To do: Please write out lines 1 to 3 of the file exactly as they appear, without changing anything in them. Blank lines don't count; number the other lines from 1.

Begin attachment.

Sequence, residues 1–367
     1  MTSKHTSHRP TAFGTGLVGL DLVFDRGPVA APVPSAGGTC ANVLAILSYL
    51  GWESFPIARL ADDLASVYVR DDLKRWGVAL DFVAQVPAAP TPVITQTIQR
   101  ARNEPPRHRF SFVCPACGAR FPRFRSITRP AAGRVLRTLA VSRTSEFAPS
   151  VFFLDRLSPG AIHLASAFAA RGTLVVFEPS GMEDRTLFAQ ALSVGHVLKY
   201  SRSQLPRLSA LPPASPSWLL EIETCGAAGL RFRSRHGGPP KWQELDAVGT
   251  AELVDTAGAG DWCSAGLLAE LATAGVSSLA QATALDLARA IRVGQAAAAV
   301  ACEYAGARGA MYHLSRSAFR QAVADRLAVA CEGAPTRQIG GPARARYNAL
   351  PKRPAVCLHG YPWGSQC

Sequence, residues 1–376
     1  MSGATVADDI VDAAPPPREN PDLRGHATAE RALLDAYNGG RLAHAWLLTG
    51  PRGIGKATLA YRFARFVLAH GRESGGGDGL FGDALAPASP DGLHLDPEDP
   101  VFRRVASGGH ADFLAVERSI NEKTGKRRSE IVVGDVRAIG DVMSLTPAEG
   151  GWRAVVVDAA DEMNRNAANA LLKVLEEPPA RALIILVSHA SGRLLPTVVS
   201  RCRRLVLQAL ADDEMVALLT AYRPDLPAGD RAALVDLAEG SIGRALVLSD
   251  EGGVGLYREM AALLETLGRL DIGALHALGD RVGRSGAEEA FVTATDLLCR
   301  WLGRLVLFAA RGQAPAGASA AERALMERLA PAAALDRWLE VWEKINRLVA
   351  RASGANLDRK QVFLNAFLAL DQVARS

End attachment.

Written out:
Sequence, residues 1–367
     1  MTSKHTSHRP TAFGTGLVGL DLVFDRGPVA APVPSAGGTC ANVLAILSYL
    51  GWESFPIARL ADDLASVYVR DDLKRWGVAL DFVAQVPAAP TPVITQTIQR